About 80% of children who suffer some type of cancer overcome it. But their struggle does not end when they receive medical discharge. Heart, endocrine and fertility problems or even the appearance of a new tumor are some side effects that can manifest many years later. To prevent and deal with these consequences, survivors ask for a long-term follow-up protocol.
At the age of thirteen, when girls change the games for the posters of their favorite singers, Vanessa Pérez (Valencia, 1991) had more important things to think about. A strong abdominal pain warned her that something was wrong, but she could never have imagined the diagnosis given by doctors: a tumor in the left ovary.
After the removal of the reproductive organ, her oncologist at the La Fe University and Polytechnic Hospital (Valencia) informed her that the tumor was malignant and pronounced the dreaded word "cancer", the disease "from which adults die". The side effects of chemotherapy were difficult to cope with, but the prying eyes of her high classmates were even more so.
This period lasted longer than expected because, four years later, she was diagnosed with a second tumor in the other ovary, which was also removed. In this case, it was benign. Now, at 25, Vanessa, who has graduated in journalism and is part of the Aspanion association, which helps families with children with cancer, only has to go to reviews with the endocrinologist. But the ghost of relapse lives with her.
Like her, 80% of children diagnosed with cancer in Spain overcome the disease. However, being discharged does not mean that their health will not suffer in the following years.
"Depending on the treatment received, survivors may be at risk for chronic diseases: endocrine, cardiac, pulmonary conditions, limitations on fertility, cognitive problems and other chronic diseases," says Lynda Varroan, pediatric oncologist at the Dana-Farber Infant Cancer Center and Blood Disorders of Boston (USA), to Sinc. "Radiation to treat cancer in childhood is associated with an increased risk of developing a new tumor in the radiated area," she adds.
A study conducted by this research center reveals that the quality of life related to the health of young people aged 18 to 29 who overcame some type of malignant childhood tumor was similar to that of adults who were twice their age, that is, between 40 and 49 years old. The dose and duration of treatment, the child's age, genetic predispositions and more or less healthy habits influence when developing future chronic diseases.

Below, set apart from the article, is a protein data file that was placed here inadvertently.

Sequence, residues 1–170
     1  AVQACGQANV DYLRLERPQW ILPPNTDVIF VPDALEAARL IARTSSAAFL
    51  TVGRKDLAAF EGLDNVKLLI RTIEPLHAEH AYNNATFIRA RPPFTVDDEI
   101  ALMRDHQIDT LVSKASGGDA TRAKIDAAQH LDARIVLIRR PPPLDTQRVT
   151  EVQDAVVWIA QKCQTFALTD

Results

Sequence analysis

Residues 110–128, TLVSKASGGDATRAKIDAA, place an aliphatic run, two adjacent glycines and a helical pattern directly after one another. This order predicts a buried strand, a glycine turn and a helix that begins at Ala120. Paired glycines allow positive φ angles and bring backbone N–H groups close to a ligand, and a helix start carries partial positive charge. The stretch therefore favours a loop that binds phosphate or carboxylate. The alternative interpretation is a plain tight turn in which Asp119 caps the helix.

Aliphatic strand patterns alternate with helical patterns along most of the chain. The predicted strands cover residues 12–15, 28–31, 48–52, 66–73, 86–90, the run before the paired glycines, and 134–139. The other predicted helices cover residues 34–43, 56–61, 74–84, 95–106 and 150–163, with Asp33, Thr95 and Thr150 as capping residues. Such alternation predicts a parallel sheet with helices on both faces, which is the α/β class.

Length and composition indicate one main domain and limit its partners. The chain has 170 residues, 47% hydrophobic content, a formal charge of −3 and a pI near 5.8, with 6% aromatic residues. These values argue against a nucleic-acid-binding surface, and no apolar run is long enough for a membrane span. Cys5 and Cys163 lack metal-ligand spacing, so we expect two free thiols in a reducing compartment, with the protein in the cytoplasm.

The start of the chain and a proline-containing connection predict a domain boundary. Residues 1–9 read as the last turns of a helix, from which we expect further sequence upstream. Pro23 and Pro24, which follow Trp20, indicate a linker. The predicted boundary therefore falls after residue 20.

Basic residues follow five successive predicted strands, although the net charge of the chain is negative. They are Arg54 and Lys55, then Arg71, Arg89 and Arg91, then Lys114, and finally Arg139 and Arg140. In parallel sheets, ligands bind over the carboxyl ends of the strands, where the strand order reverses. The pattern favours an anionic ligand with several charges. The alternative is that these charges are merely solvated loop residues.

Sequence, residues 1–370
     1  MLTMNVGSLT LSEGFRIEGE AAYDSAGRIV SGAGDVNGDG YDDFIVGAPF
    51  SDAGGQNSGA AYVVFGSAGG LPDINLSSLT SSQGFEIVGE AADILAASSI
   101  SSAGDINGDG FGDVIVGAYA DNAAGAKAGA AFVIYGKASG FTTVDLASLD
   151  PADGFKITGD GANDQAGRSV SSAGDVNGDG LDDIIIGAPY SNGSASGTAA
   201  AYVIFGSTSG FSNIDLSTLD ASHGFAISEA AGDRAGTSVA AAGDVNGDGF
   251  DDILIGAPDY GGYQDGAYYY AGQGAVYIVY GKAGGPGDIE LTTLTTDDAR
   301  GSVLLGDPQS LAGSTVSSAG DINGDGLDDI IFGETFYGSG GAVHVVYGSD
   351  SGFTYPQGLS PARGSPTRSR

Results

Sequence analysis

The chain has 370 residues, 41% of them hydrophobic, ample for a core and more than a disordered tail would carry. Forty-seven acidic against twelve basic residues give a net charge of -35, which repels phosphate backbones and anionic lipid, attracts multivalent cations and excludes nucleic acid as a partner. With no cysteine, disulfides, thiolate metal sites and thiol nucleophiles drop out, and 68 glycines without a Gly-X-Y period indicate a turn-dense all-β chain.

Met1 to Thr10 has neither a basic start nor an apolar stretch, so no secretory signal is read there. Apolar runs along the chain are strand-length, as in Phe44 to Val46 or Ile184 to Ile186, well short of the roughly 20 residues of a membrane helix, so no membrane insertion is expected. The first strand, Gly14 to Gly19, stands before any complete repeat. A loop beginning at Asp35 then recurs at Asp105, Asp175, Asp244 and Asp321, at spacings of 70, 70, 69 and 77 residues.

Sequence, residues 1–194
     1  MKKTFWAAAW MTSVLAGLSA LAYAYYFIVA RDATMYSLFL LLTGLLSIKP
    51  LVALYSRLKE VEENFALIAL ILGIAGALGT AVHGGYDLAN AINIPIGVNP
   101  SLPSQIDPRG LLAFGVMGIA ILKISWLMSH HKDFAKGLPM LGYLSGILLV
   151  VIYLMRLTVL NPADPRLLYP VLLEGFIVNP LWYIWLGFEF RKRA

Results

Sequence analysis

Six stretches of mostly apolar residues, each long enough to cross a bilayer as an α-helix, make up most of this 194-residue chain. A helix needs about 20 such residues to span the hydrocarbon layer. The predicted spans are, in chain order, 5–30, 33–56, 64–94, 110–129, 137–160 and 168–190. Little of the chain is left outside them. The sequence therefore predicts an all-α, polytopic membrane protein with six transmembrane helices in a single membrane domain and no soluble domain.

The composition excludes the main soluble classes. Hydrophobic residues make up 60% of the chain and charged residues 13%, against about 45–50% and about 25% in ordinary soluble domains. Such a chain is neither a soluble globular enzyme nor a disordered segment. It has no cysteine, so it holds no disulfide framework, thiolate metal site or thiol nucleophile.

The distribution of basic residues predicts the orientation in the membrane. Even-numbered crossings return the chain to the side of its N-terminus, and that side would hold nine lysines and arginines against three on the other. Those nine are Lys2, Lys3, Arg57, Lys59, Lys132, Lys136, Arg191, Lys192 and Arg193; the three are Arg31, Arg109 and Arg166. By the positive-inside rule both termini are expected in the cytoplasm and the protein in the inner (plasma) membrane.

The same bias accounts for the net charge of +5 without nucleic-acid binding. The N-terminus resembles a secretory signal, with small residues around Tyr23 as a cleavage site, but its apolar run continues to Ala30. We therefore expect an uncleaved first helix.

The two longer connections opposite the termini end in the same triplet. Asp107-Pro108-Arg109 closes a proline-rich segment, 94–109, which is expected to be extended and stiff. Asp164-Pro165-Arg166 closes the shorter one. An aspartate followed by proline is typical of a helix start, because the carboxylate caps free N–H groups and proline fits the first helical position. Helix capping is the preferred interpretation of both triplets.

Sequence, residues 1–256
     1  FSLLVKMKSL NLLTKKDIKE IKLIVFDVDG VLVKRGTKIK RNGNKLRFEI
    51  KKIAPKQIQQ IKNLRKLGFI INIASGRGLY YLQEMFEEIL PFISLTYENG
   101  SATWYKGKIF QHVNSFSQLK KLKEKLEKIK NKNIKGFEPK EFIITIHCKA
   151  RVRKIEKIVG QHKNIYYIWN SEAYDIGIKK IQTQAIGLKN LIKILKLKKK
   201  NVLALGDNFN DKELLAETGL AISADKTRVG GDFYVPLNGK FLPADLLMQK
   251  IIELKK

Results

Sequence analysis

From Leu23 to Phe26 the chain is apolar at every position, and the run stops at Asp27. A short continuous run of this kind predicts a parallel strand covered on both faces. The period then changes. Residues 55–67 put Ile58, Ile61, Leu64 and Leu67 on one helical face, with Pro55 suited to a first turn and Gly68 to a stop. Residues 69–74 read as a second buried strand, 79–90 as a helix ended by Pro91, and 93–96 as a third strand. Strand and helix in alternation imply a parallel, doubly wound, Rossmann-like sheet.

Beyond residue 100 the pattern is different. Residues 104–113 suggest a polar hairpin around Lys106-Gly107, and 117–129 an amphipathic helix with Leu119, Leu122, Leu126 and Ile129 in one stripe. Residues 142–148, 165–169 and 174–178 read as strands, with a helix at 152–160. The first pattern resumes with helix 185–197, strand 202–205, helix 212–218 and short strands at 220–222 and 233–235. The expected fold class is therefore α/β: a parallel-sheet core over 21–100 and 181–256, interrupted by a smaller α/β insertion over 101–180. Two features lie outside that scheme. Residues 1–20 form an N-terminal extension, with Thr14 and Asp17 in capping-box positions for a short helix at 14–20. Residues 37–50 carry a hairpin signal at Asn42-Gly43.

Cardiovascular diseases are the most frequent. "Survivors have a high risk of heart problems, such as heart attacks and heart failure, and stroke," says Paul Nathan, director of the Hematology and Oncology Post-Treatment Care Program at the Hospital for Sick Children (Canada).
But not all children who have overcome a cancer are equally susceptible to suffer these ailments. Those who received radiation therapy in some specific areas and those who underwent chemotherapy were treated with anthracyclines, a type of antibiotic used to treat many types of cancer, will be at greater risk.
In the chest area, "radiation can damage the heart in many ways, with damage to blood vessels, heart muscle or valves, and this can increase the risk of heart attack," Nathan says. As for radiotherapy in the head or neck, as a consequence, for example, of brain tumors, infants will be more at risk of suffering strokes in the future.
Because half of childhood cancer cases are treated with chemotherapy that includes anthracyclines, the heart muscle can be damaged and children can develop heart failure as they get older. "This last risk is small, but very high compared to that of the general population," he stresses.
According to research conducted by the oncologist, about 60% of children treated with anthracyclines will have some type of cardiac dysfunction in the future, while 10% of those treated with high doses will suffer heart failure in the 20 years following treatment.
Another side effect that Vanessa herself is suffering is fertility problems. In her case, the surgeons removed part of the ovarian cortex when they removed the second tumor so that she had the possibility of conceiving children later, as has happened with other patients. At the moment, the young woman does not know if she wants to be a mother.
Along with fertility, sexual relationships can also be affected by the cancer footprint
A study in which 105 young people between 15 and 29 years old who overcame the pathology in their childhood participated showed that they had a higher prevalence of sexual or gonadal dysfunctions (in the ovaries and in the testicles).
As for brain tumors and those that need high doses of neuro-toxic treatment, they have been associated with lower rates of psychosexual development in youth and in adulthood.
In addition, specialists remind that, with physical problems, the mental can also make cause damage several years after the healing. "Many survivors believe that cancer does not have much impact on their day to day, but there are patients who will need additional psychological support," says Victoria Willard, member of the Department of Psychology at St. Jude Children's Research Hospital (USA) to Sinc.
That is one of the conclusions of a work directed by the psychologist, who has analyzed how more than 3,000 adults who overcame cancer as a child perceived the disease,” Willard emphasizes.
A girl receives treatment against cancer. / Fotolia